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AFTE Theory of Identification

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AFTE Theory of Identification

In 1985, the Criteria for Identification Committee formalized the AFTE Theory of Identification as it Relates to Toolmarks. The theory articulates three principles that provide the conceptual basis for comparing toolmarks for the purpose of identifying them as having a common source.

The three principles of the AFTE Theory of Identification as it Relates to Toolmarks:

  1. The theory of identification as it pertains to toolmarks enables opinions of common origin to be made when the unique surface contours of two toolmarks are in sufficient agreement.
  2. This sufficient agreement is related to the significant duplication of random toolmarks as evidenced by the correspondence of a pattern or combination of patterns of surface contours. Significance is determined by the comparative examination of two or more sets of surface contour patterns comprised of individual peaks, ridges, and furrows. Specifically, the relative height or depth, width, curvature, and spatial relationship of the individual peaks. Ridges and furrows within one set of surface contours are defined and compared to the corresponding features in the second set of contours. Agreement is significant when it exceeds the best agreement demonstrated between two toolmarks known to have been produced by different tools and is consistent with agreement demonstrated by toolmarks known to have been produced by the same tool. The statement that sufficient agreement exists between two toolmarks means that the likelihood another tool could have made the mark can be considered a practical impossibility.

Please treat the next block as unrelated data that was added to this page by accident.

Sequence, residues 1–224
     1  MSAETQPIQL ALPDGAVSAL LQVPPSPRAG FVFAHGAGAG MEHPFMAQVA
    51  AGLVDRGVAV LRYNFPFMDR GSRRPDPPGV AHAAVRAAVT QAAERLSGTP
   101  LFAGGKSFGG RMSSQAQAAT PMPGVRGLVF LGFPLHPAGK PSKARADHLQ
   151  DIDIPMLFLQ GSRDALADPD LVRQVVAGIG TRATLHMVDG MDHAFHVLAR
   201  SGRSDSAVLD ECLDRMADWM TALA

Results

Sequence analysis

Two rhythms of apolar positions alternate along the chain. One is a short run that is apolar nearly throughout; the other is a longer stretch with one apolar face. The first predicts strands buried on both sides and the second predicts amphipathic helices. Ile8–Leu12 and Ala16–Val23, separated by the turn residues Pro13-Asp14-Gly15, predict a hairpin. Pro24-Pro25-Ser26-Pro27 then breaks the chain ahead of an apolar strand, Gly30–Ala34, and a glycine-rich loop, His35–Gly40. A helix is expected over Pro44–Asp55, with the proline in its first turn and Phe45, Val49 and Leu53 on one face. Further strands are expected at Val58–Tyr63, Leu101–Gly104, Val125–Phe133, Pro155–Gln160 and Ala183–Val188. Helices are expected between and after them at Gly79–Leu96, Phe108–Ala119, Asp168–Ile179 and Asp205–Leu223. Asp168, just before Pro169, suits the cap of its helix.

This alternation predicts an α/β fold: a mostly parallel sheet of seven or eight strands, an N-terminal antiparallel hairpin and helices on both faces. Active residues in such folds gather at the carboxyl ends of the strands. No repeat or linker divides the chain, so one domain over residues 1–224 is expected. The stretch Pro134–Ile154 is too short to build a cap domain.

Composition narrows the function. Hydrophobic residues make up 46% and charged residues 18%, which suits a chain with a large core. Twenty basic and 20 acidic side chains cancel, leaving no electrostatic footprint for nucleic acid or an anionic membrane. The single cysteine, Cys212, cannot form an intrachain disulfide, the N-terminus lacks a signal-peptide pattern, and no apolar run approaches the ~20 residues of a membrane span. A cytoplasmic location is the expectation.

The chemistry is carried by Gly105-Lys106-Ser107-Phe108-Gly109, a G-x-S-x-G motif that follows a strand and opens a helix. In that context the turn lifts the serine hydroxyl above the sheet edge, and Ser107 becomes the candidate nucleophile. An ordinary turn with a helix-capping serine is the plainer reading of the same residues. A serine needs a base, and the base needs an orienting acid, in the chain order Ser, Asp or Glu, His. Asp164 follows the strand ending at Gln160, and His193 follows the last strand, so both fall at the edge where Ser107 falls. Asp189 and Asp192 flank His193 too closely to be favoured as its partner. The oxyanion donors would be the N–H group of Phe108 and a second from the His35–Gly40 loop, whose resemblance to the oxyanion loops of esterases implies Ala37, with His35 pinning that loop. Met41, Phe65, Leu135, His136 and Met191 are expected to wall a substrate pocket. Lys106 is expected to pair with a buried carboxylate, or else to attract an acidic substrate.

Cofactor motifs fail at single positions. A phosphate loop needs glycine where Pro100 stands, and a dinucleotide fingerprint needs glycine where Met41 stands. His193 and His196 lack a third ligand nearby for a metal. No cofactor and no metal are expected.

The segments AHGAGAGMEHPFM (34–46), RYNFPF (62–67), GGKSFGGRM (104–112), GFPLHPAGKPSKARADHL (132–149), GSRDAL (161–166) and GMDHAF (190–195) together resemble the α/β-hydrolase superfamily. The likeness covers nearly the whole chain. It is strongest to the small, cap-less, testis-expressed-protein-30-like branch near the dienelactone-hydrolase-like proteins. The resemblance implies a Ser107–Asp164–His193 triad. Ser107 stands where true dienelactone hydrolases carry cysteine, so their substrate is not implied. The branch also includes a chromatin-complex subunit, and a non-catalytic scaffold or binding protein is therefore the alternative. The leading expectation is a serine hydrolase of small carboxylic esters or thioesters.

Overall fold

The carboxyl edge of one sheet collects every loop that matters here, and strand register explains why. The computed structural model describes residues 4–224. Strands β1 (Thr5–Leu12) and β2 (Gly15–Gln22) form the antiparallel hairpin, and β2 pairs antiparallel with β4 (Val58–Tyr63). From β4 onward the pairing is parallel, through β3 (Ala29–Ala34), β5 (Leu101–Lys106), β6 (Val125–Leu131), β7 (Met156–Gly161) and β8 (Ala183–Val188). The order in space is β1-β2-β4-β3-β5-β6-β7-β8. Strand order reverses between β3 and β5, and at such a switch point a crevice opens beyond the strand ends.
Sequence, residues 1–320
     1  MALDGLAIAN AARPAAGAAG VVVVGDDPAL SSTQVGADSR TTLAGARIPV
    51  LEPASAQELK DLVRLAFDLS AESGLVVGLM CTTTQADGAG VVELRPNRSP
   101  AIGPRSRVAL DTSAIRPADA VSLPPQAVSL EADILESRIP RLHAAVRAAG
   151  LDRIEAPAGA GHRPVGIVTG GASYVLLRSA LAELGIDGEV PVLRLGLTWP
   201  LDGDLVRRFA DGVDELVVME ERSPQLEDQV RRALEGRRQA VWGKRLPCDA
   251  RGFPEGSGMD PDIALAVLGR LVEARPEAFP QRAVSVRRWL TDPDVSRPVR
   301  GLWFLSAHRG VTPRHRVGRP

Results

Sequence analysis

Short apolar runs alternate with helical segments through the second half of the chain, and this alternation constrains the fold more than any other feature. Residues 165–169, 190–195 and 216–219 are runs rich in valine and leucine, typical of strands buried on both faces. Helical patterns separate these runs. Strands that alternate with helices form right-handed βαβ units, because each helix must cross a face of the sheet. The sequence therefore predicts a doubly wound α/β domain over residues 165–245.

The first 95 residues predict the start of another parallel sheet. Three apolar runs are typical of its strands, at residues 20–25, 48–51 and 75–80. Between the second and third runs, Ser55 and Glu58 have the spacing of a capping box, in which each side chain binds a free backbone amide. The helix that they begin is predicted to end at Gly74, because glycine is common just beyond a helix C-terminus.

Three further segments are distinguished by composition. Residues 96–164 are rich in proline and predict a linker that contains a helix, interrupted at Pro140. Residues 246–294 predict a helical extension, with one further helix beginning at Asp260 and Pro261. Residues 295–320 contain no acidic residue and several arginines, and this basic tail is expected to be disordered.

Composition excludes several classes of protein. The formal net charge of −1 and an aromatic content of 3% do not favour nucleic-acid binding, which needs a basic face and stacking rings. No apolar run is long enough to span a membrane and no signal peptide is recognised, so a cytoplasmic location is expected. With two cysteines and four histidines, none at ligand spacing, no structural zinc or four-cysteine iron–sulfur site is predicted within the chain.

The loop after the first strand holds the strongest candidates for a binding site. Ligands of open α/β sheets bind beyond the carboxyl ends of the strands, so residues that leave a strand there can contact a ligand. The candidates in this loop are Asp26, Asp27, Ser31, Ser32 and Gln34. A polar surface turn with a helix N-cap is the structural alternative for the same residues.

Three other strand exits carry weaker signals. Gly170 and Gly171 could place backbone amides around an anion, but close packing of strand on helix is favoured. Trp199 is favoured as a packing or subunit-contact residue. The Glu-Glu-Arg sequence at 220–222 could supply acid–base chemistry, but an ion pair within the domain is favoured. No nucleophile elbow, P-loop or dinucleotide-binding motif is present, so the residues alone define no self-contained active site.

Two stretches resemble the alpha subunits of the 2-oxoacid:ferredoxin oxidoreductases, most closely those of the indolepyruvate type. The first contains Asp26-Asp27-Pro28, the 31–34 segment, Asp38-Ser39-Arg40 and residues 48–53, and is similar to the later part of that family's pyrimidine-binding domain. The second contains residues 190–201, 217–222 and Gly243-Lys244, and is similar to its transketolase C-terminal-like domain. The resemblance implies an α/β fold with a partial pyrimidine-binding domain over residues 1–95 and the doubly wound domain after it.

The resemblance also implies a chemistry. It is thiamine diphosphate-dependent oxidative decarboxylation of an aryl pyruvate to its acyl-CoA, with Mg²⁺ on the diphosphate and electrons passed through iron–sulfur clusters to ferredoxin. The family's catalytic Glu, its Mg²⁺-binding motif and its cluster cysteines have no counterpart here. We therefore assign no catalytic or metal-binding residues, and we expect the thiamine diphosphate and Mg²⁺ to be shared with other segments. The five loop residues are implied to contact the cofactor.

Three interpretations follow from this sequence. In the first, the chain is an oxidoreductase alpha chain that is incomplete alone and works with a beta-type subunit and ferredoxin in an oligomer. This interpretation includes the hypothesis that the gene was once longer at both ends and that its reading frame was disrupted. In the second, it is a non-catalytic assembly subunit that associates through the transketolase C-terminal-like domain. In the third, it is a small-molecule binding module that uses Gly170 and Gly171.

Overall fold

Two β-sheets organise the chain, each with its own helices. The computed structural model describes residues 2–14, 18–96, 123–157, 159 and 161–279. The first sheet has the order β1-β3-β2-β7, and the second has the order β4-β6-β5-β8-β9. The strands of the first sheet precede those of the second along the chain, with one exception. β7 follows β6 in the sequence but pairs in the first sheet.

3. The current interpretation of individualization/identification is subjective in nature, founded on scientific principles and based on the examiners training and experience.

Sufficient Agreement and Best Known Nonmatch

The second of the three principles of the AFTE Theory of Identification indicates that the degree of correspondence which must be exceeded to constitute sufficient agreement for an identification is the best known nonmatch (by each individual examiner) to have been produced by different tools. Ideally, the examiner would gain experience in this during their initial training period rather than when they begin to perform actual examinations on their own.

The third principle of the AFTE Theory of Identification indicates that, although founded on the scientific method and reproducibility of results, the interpretation is subjective in nature. It is the policy of most laboratories that a second qualified examiner verify the findings of the first examiner.

Ultimately, sufficient agreement is the product of the examiners personal training, skills, and experience in

  • recognizing corresponding patterns of matching striations,
  • recognizing corresponding patterns within impressed toolmarks,
  • determining the best known non-match in their personal experience,
  • comparing striated and impressed toolmarks.

It is incumbent on each examiner to rely on their training and experience to identify and to be able to articulate the process used to determine sufficient agreement and best known nonmatch.

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